Now Playing: Quiet Hollers

There’s a veritable chasm twixt the musical realms of D.C. hardcore and heartland rock, but Quiet Hollers founder Shadwick Wilde managed to bridge the gulf with a single self-released album and a pull-together show.

A Kentucky native,  Wilde cut his teeth growing up playing guitar in so-called “street punk” bands in Louisville.  He eventually landed gigs as a guitarist for hire in a couple of national touring punk bands, including a notable Washington, D.C. hardcore outfit.

But around 2010, Wilde decided he needed a new direction and  new sound. Noting the crossover Americana success of old-school punk rockers like Chuck Ragan of Hot Water Music and Tim Barry from Avail, he wrote and recorded a 13-song alt-country solo record, “Unforgivable Things,” full of traditional instruments and lyrical allusions to life in the rural South.

Wanting to showcase the new material, Wilde gathered a handful other of local musicians for a one-off show at a Louisville club. “We had a huge response,” Wilde says. “At that point, the band became its own thing.”

None of this is to say that Wilde’s transition was inauthentic. His early punk leanings notwithstanding, Wilde says he was a longtime fan of artists like Townes Van Zandt and Steve Earle.  A talented lyricist, Wilde also had longstanding writerly aspirations that squared well with his alt-country turn.

“I’ve been writing since I was in middle school — fiction, short stories, poems,” Wilde says. “I don’t think of myself as a virtuoso singer or guitar player. I’m a voracious reader, and that has a huge influence on the things I write.”

Wilde admits, however, that some of the self-conscious trappings of traditional Americana fell away after the debut of “Unforgivable Things” — the string-band trappings, the Southern Gothic-approved song titles like “Kentucky Tobacco” and “Destitution Road.” His old post-punk roots began to show again, and his subsequent work with his newfound band settled comfortably into a space at the juncture of his disparate influences.

Indeed, the Hollers’ sound today is at once ruminative and compelling, bolstered not a little by lyricist Wilde’s hyper-literate yet personable musings. It’s of a piece with contemporary folk-rockers like Fleet Foxes, with heartland punks like the Gaslight Anthem, with alt-country stalwarts like the Jayhawks.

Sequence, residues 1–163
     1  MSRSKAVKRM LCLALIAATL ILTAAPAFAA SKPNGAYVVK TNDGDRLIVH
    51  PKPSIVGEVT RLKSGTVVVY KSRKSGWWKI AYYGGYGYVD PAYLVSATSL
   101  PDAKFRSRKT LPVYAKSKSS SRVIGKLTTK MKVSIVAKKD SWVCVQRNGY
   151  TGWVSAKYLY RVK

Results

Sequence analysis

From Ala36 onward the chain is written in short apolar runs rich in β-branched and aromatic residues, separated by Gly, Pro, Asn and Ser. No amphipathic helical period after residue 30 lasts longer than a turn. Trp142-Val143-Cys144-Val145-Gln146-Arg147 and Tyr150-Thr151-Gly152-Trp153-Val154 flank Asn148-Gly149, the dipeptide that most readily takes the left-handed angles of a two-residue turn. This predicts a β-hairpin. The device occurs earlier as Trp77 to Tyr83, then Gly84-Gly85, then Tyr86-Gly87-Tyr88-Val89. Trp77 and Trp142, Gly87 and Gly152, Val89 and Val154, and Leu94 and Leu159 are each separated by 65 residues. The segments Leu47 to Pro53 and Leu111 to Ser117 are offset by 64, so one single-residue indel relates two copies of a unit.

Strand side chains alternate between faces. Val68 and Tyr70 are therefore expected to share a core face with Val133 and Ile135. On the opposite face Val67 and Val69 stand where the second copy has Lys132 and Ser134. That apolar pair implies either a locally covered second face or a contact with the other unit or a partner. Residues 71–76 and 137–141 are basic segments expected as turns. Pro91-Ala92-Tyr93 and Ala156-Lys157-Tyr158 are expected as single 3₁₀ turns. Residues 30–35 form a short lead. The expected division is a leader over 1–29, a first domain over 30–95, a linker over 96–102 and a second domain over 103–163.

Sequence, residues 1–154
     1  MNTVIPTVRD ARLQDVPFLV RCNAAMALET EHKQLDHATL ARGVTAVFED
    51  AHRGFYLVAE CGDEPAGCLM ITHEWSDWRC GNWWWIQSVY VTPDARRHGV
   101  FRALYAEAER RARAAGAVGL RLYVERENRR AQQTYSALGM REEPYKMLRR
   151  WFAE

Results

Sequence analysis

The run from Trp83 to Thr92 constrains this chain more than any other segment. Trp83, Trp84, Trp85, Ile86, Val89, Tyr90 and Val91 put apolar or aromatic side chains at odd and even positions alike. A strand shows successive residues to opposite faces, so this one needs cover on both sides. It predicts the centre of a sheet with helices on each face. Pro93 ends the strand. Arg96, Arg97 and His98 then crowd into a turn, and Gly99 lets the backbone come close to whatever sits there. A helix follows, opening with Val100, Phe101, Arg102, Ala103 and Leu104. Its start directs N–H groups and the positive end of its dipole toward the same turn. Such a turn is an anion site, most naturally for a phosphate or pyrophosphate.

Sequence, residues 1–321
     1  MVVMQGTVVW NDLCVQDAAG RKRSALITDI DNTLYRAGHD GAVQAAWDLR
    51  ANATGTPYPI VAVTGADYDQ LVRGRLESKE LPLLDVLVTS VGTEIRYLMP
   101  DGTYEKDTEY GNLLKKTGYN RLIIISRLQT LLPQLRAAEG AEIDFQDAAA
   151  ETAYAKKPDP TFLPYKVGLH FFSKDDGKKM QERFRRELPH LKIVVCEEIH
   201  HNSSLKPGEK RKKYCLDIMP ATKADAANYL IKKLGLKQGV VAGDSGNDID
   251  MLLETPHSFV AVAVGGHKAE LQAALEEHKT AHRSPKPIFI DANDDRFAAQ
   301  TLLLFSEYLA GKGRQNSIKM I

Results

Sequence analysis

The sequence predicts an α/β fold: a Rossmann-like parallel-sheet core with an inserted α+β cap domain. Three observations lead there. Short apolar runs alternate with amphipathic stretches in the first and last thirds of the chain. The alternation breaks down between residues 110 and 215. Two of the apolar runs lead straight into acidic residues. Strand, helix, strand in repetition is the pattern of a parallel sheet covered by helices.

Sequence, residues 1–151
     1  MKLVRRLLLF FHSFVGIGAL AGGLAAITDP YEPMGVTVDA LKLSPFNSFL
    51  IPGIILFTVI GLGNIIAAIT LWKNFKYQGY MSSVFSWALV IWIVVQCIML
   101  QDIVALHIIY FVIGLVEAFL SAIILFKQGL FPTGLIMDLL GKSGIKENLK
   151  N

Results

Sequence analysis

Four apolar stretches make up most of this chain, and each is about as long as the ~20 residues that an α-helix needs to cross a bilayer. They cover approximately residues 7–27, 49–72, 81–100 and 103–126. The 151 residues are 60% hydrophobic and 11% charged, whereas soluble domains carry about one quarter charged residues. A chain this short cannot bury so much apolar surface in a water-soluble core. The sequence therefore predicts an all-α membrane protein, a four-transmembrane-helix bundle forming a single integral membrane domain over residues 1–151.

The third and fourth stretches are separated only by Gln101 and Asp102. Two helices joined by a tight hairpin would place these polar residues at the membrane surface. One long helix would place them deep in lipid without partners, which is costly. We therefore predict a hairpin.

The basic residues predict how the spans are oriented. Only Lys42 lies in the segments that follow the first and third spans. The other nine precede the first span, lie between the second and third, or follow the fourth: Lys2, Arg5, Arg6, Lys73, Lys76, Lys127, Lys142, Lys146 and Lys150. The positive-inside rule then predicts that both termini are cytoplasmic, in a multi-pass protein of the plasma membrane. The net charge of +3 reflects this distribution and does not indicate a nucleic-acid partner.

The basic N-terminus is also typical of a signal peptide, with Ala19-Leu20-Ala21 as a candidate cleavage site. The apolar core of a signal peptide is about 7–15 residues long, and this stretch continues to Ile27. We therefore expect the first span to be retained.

“I’m always amused to hear which genres listeners put us in, what artists they compare us to,” Wilde says, chuckling. “I have my ideas, but everyone seems to have their own interpretation. I usually just say that we’re indie rock, because that’s broad enough to encompass a lot of different sounds. There are elements of rock, folk, and traditional music in what we do.

“I think what’s most important is that each song decides which direction it’s going in, rather than us deciding it’s going to go a particular way. The magic lies in the fact that each song creates its own world for it to exist in.”

Right now, the Hollers are touring in support of their 2017 release “Amen Breaks,” a record Wilde considers to be his most thoughtful and accessible work to date. “A lot of my stuff is pretty introspective,” he says. “There’s a lot of self-criticism and inner struggle, sorting through complicated feelings.

“Our newest record widens the lens. We’re living in a world now where a lot of people are experiencing fear and anxiety. The record isn’t so much a shift toward social commentary as toward the fact that these issues are affecting all of us now. I’m not being didactic or preachy, saying, ‘I have the answers.’ It’s more a matter of asking what kind of world we’re going to have a few years from now.”

Quiet Hollers will play Preservation Pub Wednesday, Sept. 13 at 10 p.m.



Leave a Reply

Fill in your details below or click an icon to log in: Logo

You are commenting using your account. Log Out /  Change )

Twitter picture

You are commenting using your Twitter account. Log Out /  Change )

Facebook photo

You are commenting using your Facebook account. Log Out /  Change )

Connecting to %s